Healthy ageing conceptualisations: older Malays in Malaysia
2017-03-01T01:41:00Z (GMT) by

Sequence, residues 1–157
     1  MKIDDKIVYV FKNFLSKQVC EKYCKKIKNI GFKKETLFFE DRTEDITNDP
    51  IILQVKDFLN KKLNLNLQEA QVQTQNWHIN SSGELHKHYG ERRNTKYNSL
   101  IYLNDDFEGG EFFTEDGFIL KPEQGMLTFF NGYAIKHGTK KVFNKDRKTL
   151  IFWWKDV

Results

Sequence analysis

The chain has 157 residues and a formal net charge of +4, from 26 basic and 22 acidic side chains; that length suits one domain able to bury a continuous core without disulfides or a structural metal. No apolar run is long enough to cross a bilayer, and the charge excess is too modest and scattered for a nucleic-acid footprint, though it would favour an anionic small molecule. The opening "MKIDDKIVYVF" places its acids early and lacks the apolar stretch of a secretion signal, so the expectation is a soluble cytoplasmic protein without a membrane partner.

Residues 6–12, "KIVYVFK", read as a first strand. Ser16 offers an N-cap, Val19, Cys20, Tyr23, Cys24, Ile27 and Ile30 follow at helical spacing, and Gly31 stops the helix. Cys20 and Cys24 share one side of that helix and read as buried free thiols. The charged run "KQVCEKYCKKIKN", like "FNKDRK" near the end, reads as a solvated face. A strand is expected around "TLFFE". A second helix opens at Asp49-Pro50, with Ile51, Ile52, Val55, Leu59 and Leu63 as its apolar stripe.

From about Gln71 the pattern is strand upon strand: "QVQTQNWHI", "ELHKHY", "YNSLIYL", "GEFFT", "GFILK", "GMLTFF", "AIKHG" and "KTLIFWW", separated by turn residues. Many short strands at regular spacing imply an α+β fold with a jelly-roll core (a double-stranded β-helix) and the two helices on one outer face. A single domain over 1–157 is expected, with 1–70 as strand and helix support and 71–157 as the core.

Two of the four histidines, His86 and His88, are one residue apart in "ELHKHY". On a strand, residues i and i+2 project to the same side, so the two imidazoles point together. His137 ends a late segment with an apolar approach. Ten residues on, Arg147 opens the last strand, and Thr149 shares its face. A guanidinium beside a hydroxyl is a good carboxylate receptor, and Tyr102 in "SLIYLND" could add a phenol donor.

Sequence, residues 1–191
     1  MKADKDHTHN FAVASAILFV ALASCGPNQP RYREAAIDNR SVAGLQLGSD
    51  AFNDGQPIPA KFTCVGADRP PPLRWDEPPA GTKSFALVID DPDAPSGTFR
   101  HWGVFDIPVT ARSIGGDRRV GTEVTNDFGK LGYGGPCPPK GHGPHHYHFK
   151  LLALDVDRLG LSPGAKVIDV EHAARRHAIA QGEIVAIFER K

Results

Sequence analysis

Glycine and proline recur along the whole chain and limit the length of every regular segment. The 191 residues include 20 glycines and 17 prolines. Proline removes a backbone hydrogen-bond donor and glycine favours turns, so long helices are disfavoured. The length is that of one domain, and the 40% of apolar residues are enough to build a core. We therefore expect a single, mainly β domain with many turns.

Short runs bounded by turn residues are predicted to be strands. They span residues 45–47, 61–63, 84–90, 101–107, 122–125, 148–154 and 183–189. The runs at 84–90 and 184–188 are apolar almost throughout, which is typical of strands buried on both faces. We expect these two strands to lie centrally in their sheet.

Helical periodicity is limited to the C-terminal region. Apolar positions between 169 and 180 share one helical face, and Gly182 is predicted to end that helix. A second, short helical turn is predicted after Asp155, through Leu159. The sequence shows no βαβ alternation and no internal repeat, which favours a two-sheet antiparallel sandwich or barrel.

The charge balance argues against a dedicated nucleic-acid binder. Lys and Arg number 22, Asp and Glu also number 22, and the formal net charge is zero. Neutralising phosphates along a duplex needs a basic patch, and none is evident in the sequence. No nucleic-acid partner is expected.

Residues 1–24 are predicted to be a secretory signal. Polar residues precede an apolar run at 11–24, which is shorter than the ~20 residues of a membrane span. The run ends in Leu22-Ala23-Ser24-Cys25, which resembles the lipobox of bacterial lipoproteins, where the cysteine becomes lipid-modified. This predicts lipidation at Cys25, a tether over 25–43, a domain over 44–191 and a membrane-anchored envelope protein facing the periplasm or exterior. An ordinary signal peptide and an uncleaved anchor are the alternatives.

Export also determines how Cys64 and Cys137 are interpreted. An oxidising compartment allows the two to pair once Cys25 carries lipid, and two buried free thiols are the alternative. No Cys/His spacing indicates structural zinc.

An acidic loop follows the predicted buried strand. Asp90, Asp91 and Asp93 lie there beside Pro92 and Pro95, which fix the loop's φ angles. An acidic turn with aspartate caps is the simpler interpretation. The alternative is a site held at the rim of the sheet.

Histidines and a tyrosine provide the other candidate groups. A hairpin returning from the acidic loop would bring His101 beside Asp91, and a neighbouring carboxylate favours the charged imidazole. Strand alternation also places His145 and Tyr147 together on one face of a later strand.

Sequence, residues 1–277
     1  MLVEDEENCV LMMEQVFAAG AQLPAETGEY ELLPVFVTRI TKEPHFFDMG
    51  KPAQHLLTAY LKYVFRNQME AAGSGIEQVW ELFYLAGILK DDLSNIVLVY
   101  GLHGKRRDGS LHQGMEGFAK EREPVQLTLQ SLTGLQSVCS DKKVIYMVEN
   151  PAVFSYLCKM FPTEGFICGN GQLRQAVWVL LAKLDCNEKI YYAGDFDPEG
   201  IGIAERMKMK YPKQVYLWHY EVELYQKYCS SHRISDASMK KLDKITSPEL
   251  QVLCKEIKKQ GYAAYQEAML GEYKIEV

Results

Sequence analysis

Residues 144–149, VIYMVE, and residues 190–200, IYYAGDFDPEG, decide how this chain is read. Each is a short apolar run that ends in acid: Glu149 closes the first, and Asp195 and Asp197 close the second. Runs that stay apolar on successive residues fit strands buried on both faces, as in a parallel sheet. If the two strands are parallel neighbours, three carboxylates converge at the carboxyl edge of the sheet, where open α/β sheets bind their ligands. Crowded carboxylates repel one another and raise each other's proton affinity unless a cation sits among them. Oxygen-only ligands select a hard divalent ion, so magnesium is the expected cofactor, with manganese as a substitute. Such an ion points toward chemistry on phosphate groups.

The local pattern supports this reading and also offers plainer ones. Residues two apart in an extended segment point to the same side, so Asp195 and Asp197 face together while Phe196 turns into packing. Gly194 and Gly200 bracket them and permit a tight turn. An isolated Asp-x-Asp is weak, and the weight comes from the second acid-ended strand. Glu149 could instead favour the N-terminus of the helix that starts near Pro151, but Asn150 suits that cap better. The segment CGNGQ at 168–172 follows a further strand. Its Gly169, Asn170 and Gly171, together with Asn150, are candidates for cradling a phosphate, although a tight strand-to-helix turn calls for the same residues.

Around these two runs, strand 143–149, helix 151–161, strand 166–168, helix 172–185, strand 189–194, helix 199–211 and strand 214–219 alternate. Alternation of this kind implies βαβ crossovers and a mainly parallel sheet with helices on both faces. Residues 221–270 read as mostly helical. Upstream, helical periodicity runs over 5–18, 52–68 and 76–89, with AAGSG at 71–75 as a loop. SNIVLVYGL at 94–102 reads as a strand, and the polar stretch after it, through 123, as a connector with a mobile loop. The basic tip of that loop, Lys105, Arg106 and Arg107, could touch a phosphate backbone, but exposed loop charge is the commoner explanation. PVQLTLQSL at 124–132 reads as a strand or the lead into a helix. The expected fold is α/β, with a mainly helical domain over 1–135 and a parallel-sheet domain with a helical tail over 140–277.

Population ageing is a worldwide phenomenon. Promoting healthy ageing is now firmly in the policy agenda of many countries.This thesis aimed to explore healthy ageing conceptualisations among older Malays in Malaysia. The thesis addresses two broad questions: What factors are important in conceptualising healthy ageing from the perspective of older Malays and how are the factors being expressed? What are the barriers to and facilitators of healthy ageing in the community studied? This thesis comprises two consecutive studies. Study 1 involves focus group interviews to explore healthy ageing conceptualisations and facilitators of and barriers to the healthy ageing experience in older Malays. To further explore these issues, Study 2 examines six case studies, selected from Study 1 on the basis of a quantitative screening tool that identified participants as healthy and unhealthy agers. Study 2 focussed on the role of spirituality in healthy ageing. The cases were used to construct individual perspectives of healthy ageing using data from a structured interview and open ended qualitative responses, focus group interviews (Study 1), observation and reflections of the interaction with the participants throughout the study period. Eight focus groups consisted of 38 older Malays aged 60 to 95 years participated in Study 1. In Study 2, six cases were selected via maximal variation sampling. Six interconnected themes captured the healthy ageing concepts in Study 1. Firstly, spirituality was the driving force followed by peace of mind as the ultimate aim for healthy ageing. Physical health and function, family relationships, financial independence, and living environment greatly affected the lives of older Malays in this study. The six themes were used as a framework to address facilitators of and barriers to healthy ageing in Study 2, in particular the role of spirituality in healthy ageing. The older individuals have their own perception of their healthy ageing status and healthy ageing was seen as a process in balancing the facilitators and barriers to it. In Study 2, the sprirituality was mainly experienced as connectedness to God (intrinsic spirituality) and as mutual responsibility in their relationship with others (extrinsic spirituality). The role of spirituality was not limited as a facilitator for healthy ageing; unfulfilled intrinsic and/or extrinsic spirituality can be barriers to healthy ageing. More importantly, Study 2 identified the need to listen to the perspectives of older people to address healthy ageing in a bio-psycho-social-spiritual framework. Based on the thesis findings a model of healthy ageing was developed: the Dynamic Adaptation, Prioritisation and Transcendent Acceptance (aDAPTA) model. Older people used the processes outlined in the model in balancing the barriers and facilitators to achieving healthy ageing. In conclusion, the different cultural values explored in this thesis provided an avenue to expand healthy ageing concepts and make them relevant to the local context in Malaysia. Healthy ageing should not be restricted to a biomedical or a psychological model, the lay multidimensional bio-psycho-social-spiritual approach should be considered, particularly in addressing the needs and the adaptation experiences of older people in the local community.